Political Theories The Ancient Athenian Discussion Chapter

Length: 2 pages Sources: 2 Subject: Government Type: Discussion Chapter Paper: #48883066 Related Topics: Political Issues, Political Science, Ancient, Generation
Excerpt from Discussion Chapter :



For John Locke, government "…should be limited to securing the life and property of it citizens"; and government should allow freedom of religion and freedom of conscience. He was opposed to "hereditary monarchy" and supported human rights (especially in his more mature years).

As to how these political theories connect with environmental policy in the U.S.: first, the environmental policies in the U.S. are under attack by the Republicans in the House of Representatives. Their recent bill, H.R. 1, passed in February 2011, contained 19 anti-environmental riders that would "negatively affect air, water, and environmental quality," the Sustainable Energy & Environmental Coalition explained. The right wing in Congress wants to take power away from the Environmental Protection Agency as well. Hume would likely approve of the Tea Party and GOP as to their disavowal of global climate change; he would agree that the U.S. federal government is too big and powerful. Those...

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Locke would (in his later years) would be intolerant of those who "threaten or undermine government through their intolerance…" (Internet Encyclopedia of Philosophy). Edmund Burke would be conflicted; he didn't trust the masses (in this case he wouldn't trust the agitating Tea Party types), but on the other hand he believed those in government know best what should be done. The fact is that Republicans generally think government has gone too far in regulating the air, water, land, and Republicans do not accept the facts of climate change, so in this country right now there is no widely accepted environmental policy albeit the Obama Administration is working hard to convince the nation to adopt a clean energy economy and to do what is necessary to reduce carbon releases into the atmosphere.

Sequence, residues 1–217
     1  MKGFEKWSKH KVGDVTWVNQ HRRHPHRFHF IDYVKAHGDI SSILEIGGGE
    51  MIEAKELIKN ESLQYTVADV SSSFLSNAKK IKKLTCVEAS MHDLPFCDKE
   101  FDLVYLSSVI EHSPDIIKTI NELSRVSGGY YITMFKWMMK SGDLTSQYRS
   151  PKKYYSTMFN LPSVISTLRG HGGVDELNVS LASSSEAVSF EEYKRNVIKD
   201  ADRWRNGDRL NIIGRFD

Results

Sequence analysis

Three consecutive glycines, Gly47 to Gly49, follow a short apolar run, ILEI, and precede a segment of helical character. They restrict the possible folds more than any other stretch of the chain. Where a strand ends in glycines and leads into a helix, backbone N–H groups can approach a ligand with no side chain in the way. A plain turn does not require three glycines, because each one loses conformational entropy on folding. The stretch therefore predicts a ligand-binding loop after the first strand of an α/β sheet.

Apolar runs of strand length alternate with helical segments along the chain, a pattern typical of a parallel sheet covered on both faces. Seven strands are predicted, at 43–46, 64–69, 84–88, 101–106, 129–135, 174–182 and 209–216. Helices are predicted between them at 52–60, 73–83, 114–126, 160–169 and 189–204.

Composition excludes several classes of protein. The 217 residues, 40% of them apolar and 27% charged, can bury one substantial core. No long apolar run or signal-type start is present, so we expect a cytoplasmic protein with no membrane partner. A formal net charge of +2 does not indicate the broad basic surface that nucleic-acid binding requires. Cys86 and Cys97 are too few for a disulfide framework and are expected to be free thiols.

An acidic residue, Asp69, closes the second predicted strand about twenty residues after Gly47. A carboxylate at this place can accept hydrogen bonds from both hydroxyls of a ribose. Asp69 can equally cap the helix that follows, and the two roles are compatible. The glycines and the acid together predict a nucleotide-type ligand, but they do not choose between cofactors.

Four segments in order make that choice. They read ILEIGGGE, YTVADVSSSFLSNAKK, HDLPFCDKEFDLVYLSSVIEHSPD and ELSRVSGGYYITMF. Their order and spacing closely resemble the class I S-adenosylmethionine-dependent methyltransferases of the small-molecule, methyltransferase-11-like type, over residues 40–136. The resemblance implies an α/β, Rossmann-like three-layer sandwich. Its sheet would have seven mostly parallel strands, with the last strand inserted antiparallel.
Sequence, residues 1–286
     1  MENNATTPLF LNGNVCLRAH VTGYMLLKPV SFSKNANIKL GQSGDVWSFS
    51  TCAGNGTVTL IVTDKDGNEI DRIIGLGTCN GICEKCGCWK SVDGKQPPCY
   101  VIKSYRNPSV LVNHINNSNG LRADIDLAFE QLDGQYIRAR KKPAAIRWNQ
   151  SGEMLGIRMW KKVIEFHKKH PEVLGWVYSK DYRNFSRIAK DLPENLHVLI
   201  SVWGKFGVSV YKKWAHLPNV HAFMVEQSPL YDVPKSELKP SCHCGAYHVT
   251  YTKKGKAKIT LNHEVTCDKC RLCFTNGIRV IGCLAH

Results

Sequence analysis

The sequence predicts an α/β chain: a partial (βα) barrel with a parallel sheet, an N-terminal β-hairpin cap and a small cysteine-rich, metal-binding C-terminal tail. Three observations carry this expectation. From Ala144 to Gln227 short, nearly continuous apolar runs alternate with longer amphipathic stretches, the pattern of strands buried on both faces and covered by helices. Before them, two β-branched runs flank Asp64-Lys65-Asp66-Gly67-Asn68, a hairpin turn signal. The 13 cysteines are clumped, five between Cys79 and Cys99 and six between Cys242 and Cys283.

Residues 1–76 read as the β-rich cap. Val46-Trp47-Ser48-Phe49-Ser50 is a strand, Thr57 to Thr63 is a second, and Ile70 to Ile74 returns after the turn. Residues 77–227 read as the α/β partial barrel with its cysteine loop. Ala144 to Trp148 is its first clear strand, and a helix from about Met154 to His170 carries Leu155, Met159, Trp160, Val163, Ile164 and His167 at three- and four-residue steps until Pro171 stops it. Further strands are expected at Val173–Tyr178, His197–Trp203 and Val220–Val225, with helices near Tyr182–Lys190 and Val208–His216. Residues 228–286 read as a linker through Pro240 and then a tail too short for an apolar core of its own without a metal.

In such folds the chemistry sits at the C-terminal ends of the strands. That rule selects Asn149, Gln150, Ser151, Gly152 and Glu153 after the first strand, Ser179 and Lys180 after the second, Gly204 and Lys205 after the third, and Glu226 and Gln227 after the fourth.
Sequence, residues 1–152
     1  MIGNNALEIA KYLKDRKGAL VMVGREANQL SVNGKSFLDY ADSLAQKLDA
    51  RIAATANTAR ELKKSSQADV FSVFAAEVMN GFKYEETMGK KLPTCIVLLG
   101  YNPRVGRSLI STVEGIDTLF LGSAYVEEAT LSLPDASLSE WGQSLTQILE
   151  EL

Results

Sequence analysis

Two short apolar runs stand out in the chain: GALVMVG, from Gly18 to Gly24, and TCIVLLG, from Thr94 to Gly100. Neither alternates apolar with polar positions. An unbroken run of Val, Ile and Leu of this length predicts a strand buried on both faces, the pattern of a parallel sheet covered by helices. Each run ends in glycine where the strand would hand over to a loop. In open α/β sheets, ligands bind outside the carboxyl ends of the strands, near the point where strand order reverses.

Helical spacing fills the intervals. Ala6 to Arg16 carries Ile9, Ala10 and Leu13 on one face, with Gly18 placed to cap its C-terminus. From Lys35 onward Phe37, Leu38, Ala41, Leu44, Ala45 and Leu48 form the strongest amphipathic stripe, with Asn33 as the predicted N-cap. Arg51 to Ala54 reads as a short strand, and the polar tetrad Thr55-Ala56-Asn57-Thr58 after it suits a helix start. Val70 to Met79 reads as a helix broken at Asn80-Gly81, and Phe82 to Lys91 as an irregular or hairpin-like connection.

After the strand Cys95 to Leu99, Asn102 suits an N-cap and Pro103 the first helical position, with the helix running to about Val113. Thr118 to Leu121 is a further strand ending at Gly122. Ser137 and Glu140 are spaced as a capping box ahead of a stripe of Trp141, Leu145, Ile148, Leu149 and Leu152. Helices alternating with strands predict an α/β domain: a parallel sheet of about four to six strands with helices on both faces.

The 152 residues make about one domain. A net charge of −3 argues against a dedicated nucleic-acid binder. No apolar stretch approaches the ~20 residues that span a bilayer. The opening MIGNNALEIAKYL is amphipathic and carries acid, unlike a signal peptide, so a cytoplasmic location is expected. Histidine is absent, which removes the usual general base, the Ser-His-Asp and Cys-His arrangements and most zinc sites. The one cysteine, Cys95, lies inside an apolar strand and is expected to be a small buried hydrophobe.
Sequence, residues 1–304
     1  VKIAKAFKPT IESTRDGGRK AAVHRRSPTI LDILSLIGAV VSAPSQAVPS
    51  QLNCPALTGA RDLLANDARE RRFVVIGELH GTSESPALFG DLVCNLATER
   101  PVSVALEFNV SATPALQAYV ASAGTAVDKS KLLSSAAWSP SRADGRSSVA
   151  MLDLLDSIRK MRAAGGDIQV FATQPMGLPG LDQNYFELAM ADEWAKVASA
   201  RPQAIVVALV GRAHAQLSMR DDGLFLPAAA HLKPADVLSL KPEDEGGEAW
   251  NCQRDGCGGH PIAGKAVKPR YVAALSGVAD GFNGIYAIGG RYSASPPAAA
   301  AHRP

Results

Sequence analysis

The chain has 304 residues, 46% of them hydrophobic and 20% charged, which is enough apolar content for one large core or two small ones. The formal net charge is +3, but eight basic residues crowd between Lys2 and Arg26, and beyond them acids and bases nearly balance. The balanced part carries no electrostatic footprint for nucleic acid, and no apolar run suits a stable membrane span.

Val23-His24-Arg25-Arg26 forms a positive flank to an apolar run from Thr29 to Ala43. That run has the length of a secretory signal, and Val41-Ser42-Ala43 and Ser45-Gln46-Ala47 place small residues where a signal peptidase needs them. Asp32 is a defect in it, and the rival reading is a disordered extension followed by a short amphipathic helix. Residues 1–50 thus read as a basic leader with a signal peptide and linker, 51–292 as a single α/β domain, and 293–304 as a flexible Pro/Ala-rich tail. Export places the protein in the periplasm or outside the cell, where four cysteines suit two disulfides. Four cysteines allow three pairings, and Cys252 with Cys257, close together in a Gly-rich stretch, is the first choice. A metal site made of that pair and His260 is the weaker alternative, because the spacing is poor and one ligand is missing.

Work Cited

Bartleby.com. (2009). Athenian Ephebic Oath. Retrieved April 5, 2011, from http://www.bartleby.com/73/100.html.

Bohn, Henry G. (1854). The Works of the Right Honourable Edmund Burke. Volume I (London:

Henry G. Bohn), pp. 446-8.

Hume, David. (2007). David Hume, That Politics May Be Reduced to a Science. The Founders

Constitution / Balanced Government / Chapter 11. Retrieved April 4, 2011, from http://press-pubs.uchicago.edu/founders/documents/v1ch11s3.html.

Locke, John. (2008). Political Philosophy of John Locke. Internet Encyclopedia of Philosophy.

Retrieved April 5, 2011, from http://www.lep.utm.edu/locke-po/.

Sources Used in Documents:

Work Cited

Bartleby.com. (2009). Athenian Ephebic Oath. Retrieved April 5, 2011, from http://www.bartleby.com/73/100.html.

Bohn, Henry G. (1854). The Works of the Right Honourable Edmund Burke. Volume I (London:

Henry G. Bohn), pp. 446-8.

Hume, David. (2007). David Hume, That Politics May Be Reduced to a Science. The Founders


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